There are many reasons people have a hard time falling to sleep and staying asleep. Again, melatonin can only address the timing of when you rest and doesn’t actually induce sleep. If you’re wanting to get to the root of sleep issues, you need to address:
- Stress reduction – Melatonin works on your circadian rhythm in conjunction with cortisol. So if you’re stressed out and still have a surge of cortisol at night, that’s the reason why melatonin may not be present enough to get you to sleep. Instead of giving the body extra melatonin, the focus should be on lower cortisol levels! Get yourself in a parasympathetic state and you’ll naturally have enough melatonin to help you shut down at night. This can be done effectively with conscious relaxation, mindfulness techniques, yoga and self care practices, essential oils, herbal medicine, self massage, and more.
- Magnesium supplementation – Magnesium deficiency is a problem for most people. It’s not present enough in the soil compared to historic levels. Magnesium deficiency can be induced by stress, and not be available as much on certain diets. Blood work rarely shows magnesium deficiency because the body will take magnesium from the rest of the body to regulate blood levels. The bottom line: you need to supplement with it in your diet. However, it’s also helpful to absorb it topically too! Try therapeutic epsom salt baths or using a topical magnesium cream.
- Relieving tension – Make sure your body is not in pain or it can keep you awake! Gentle stretching, doing yoga or qigong can help you fully let go.
- Getting enough exercise – Your body should feel exhausted at night, using up any excess energy. Make sure you’ve exercised enough. This includes sex before sleep!
- Stop consuming food & information – Your body needs time to digest both food and information. Create more time in your day to process thoughts. Otherwise your body will have a hard time sleeping (can show as crazy dreams & restlessness too).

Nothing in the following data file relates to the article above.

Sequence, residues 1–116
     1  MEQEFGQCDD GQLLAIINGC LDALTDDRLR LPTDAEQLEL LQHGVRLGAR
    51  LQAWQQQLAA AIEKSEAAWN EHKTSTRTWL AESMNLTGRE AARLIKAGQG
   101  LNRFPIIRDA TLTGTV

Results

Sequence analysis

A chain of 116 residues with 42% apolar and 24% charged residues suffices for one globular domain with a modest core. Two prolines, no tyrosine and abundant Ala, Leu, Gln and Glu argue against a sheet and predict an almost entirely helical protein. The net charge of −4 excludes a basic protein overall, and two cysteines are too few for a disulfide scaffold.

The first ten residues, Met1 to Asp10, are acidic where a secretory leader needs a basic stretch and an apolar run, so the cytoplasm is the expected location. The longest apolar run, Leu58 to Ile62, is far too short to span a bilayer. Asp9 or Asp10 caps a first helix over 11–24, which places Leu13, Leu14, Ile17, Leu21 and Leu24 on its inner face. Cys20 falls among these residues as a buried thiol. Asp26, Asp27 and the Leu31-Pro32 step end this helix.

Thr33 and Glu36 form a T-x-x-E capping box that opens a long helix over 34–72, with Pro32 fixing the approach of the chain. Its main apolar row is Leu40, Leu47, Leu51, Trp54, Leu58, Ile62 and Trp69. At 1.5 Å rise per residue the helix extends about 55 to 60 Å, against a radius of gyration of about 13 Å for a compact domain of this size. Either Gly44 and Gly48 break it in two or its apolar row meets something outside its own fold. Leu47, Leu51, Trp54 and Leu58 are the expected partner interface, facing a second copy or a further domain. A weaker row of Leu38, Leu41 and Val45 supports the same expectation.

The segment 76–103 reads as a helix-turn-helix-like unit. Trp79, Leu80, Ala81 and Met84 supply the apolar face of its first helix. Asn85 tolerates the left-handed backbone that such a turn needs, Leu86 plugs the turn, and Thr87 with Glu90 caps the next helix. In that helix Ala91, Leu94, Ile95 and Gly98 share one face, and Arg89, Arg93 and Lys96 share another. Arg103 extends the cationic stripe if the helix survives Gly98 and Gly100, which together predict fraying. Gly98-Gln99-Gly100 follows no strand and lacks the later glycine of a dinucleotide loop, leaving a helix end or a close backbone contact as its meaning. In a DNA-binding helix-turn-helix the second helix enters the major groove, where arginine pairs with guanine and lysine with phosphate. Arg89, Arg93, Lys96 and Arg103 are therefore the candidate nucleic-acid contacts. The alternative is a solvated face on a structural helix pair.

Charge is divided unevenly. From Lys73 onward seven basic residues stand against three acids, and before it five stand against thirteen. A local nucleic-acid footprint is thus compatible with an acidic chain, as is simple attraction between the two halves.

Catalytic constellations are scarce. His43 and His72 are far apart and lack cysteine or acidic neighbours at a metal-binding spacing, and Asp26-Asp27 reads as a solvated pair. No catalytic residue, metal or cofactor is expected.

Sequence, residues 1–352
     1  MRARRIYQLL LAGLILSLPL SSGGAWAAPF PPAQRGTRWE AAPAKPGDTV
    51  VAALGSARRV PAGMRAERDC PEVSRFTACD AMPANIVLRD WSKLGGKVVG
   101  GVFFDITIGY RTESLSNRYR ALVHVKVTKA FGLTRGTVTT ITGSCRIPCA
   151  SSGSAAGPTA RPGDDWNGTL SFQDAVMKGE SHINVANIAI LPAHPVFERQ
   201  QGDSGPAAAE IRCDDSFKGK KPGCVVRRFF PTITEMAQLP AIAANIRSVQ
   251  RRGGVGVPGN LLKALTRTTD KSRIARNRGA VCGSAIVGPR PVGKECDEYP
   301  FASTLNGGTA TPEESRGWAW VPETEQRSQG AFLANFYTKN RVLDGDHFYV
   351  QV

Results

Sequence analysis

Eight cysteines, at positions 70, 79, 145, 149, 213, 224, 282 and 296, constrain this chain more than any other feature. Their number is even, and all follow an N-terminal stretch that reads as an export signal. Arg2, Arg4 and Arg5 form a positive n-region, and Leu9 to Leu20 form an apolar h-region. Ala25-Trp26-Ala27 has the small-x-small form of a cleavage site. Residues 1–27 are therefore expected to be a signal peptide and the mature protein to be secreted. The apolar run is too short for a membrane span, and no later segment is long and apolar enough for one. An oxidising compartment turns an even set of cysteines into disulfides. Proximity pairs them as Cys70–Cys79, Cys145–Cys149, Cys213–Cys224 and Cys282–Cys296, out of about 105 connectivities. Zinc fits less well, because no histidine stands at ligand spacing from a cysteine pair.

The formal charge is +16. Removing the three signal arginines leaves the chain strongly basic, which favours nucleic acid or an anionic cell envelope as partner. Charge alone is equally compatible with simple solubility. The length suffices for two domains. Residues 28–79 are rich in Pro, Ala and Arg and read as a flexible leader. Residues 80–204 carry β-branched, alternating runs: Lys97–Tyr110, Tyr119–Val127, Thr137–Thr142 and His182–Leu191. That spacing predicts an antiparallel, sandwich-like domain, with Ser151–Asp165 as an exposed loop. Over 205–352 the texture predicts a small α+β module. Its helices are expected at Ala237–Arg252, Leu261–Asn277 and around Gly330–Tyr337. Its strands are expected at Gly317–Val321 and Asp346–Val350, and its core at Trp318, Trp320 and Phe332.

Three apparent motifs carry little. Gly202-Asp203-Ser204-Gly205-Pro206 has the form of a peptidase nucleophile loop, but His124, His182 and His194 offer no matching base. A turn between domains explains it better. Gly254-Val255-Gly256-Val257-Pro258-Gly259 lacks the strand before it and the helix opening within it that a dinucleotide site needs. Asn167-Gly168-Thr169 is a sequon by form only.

- Adjust your emotions and attitude – In Chinese Medicine we say that the mind needs to rest in the heart before you can sleep. This refers not just to pensiveness, but also dealing with intense emotions. Strong feelings will keep you awake too. Consider processing them with a journaling session or meditation practice before you sleep. Try to clear your heart so you are in a state of equanimity and you are at peace with the way the day went.
- Balance hormones – Not just melatonin & cortisol, but estrogen, progesterone, testosterone, and thyroid hormones. They ALL play a role in how well you sleep. Seek the guidance of a health care practitioner to help you with this.
- Investigate food intolerances – If your body can’t digest a substance well, it will disrupt your sleep! You can get food allergy tests, but they are known for being inaccurate and “intolerance” is different from “allergy”. The best way to determine if you have a food intolerance is to do an elimination diet.
- Adjust circadian rhythm – Get proper sunshine and darkness exposure to trigger the body when to be active and when to rest (this is what melatonin helps with, though it’s always best to address it naturally!)
More Wisdom On Sleep
Once you discover where you’re body is having a hard time, then you know which alternatives to melatonin to try and where to focus your treatment. The following blog posts and videos can help:
I hope you found this articles on alternatives to melatonin interesting!
Let me know if you need further guidance and support! I would love to help you personally with my online or in-person services.
Sleep is my jam! I know I can help you feel better! Well wishes to you my friend…